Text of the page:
Compound interest cure

So I guess I never got around to summarizing our paper published last year in Scientific Reports (PAPER). The paper was a long time in the making. It began as a project with my colleague Elizabeth Duke, and was inspired by an idea of our good friend Florian Hladik and our advisor Josh Schiffer. Florian’s idea was that because many other folks think HIV is persisting due to proliferation of latently infected cells, it might be a reasonable curative strategy to give patients who are already suppressed on HIV antiretroviral therapy some form of an anti-proliferative agent. Seems simple enough, but to the best of our knowledge, it has never been tried quite like this. There are some papers from the literature where an anti-proliferative drug was given to HIV patients, and these papers even show that perhaps this decreased the reservoir size (see Chapuis et al. Nat Med 2000 and García et al. AIDS 2003). But, those experiments were done before a real understanding of the reservoir existed, and there was certainly no mention that proliferation of latently infected cells was the mechanism that the drug was preventing. SO, in that context, Liz and I began developing a model to describe the slow disappearance of the latent reservoir that included cellular proliferation. It turns out such a model can really just be seen as an exponential decay of the size of the latent reservoir L=L_0e^{\theta_L t} where we can then think about the rate \theta_L as being made up of some combination of birth and death rates. This is where compound interest comes into play. If you are familiar with introductory finance, you will recognize the exponential formula as that of continuously compounding interest.

Huge digression on finance, skip on if you like: Continuous compounding interest arises when interest is constantly reinvested. It has massive implications for amassing wealth. For example, investing some amount in a fund with a 1% interest rate (Ally bank has a perfect savings account for this incidentally) would result in a 1.1x multiple of your wealth after 10 years. 30 years, 1.35x. Now, as that rate climbs, this roughly linear relationship (remember e^{x}\sim1+x+x^2/2!+\ldots) begins to be massively nonlinear. The same 10 years but a 10% interest rate (MAYBE doable with the S&P500) would admit a 2.7x gain, and 30 years a 20x gain. Start with 50,000$, well that makes you a millionaire in 30 years. Human intuition struggles with this kind of function, as I mention in a previous post about nonlinear science, our brains don’t seem to get how steep this function really is. Paying credit card interest does the exact same thing in taking your money. It really pays to try to understand this concept in personal finance. Einstein even purportedly said “compound interest is the 8th wonder of the world, those who understand it earn it, those who don’t pay it”.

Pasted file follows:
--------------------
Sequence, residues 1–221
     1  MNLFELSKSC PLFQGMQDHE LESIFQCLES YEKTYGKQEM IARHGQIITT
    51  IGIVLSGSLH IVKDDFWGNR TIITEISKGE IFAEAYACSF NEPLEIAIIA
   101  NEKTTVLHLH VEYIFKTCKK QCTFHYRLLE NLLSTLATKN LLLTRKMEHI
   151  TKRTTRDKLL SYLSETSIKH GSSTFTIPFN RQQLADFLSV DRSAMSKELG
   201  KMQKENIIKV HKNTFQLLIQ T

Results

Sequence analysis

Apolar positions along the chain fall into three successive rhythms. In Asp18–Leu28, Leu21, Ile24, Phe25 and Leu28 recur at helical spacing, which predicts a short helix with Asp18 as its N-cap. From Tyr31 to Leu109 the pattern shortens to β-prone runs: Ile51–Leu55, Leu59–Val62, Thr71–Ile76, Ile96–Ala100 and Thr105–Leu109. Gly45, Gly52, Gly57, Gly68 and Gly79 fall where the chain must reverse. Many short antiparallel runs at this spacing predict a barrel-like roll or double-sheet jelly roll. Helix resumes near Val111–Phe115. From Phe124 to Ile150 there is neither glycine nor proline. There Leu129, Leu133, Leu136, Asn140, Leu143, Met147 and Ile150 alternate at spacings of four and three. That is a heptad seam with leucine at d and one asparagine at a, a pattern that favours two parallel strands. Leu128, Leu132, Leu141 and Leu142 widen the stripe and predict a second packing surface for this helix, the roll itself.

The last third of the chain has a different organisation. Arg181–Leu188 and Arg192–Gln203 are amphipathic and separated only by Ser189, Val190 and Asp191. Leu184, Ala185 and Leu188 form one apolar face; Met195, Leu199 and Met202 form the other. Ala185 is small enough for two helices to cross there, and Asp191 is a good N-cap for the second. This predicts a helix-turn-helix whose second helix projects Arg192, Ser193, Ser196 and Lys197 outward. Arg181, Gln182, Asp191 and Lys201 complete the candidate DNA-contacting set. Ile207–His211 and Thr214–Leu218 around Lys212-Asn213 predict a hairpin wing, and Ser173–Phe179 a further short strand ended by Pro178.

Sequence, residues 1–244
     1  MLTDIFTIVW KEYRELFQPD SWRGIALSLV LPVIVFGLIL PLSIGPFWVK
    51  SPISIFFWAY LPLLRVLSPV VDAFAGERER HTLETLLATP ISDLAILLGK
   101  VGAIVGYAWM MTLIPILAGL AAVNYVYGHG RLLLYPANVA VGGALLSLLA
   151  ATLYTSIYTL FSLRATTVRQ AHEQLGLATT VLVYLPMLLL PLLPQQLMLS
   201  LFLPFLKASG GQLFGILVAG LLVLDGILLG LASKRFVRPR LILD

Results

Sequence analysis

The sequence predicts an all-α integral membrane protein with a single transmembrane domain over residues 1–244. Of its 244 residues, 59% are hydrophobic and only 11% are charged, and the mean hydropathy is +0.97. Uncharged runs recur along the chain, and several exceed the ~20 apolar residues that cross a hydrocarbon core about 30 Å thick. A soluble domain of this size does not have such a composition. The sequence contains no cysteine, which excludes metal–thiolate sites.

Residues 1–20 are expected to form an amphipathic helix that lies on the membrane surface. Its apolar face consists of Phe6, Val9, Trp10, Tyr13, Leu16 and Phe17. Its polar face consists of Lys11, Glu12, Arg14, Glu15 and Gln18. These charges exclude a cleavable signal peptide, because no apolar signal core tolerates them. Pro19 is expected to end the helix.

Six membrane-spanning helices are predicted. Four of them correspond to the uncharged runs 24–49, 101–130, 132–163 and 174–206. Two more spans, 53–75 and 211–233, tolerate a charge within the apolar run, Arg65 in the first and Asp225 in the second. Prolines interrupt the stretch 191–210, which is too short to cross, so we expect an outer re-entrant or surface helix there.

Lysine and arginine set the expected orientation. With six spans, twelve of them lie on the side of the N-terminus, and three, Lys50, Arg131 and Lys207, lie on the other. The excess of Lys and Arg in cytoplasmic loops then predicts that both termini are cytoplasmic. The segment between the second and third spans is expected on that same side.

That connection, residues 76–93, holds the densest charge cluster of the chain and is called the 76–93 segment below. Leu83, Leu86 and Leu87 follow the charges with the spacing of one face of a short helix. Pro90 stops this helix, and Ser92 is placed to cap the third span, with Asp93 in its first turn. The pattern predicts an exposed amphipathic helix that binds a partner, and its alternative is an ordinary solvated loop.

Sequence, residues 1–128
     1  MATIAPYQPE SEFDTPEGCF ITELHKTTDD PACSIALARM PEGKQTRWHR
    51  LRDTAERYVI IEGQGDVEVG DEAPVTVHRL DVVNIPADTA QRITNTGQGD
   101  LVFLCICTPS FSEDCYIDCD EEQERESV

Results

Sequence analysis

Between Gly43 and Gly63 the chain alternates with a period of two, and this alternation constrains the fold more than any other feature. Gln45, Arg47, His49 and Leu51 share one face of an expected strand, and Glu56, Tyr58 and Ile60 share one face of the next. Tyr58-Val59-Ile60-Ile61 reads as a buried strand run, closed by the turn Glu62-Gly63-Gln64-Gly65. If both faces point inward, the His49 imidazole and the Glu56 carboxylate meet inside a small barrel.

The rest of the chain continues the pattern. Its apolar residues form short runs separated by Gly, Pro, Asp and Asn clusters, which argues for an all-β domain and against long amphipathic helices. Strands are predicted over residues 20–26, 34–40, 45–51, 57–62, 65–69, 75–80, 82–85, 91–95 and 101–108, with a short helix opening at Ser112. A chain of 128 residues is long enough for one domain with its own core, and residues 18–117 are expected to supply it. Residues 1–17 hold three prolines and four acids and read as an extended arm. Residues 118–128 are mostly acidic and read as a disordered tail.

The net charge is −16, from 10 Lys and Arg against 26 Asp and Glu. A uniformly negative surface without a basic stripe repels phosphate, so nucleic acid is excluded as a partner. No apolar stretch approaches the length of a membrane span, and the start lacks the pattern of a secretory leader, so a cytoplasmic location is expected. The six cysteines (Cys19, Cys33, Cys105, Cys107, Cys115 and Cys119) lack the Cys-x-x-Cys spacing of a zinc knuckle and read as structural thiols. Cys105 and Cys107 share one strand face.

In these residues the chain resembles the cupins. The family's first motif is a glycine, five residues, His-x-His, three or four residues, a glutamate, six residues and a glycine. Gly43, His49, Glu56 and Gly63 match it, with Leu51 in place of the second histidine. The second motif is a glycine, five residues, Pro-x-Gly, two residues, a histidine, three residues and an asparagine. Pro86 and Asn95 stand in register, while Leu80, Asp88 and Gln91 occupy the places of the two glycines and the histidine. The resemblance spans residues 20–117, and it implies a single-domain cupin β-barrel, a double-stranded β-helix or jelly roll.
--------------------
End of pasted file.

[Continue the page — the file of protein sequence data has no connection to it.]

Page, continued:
So, even though we have trouble understanding the exponential function, we at least are familiar with it enough to know that changing the rate is far more valuable than changing the principal amount. This was the intuition behind our paper, let’s change the proliferation rate by applying a medication continuously, and the payoff in terms of HIV reservoir reduction is fast and impressive. See the paper for many quantitative predictions, but the important thing for us is that this paper generated enough attention to allow us to get a clinical trial funded by the American Foundation for AIDS Research (AmFAR). We are currently enrolling participants and administering MMF, a clinically approved cancer drug. If the trial works at all, it will be a fantastic contribution to HIV research, especially because the legwork of getting a drug FDA approved is so hard and using a pre-approved drug short cuts that massively.

There is so much more on HIV persistence and particularly cell proliferation as a mechanism for HIV persistence that I won’t address here, but please see the work of Sarah Palmer, Thor Wagner, Lisa Frenkel, Jim Mullins, Frank Maldarelli, Alison Hill, Bob Siliciano and many others I’m probably forgetting right now.

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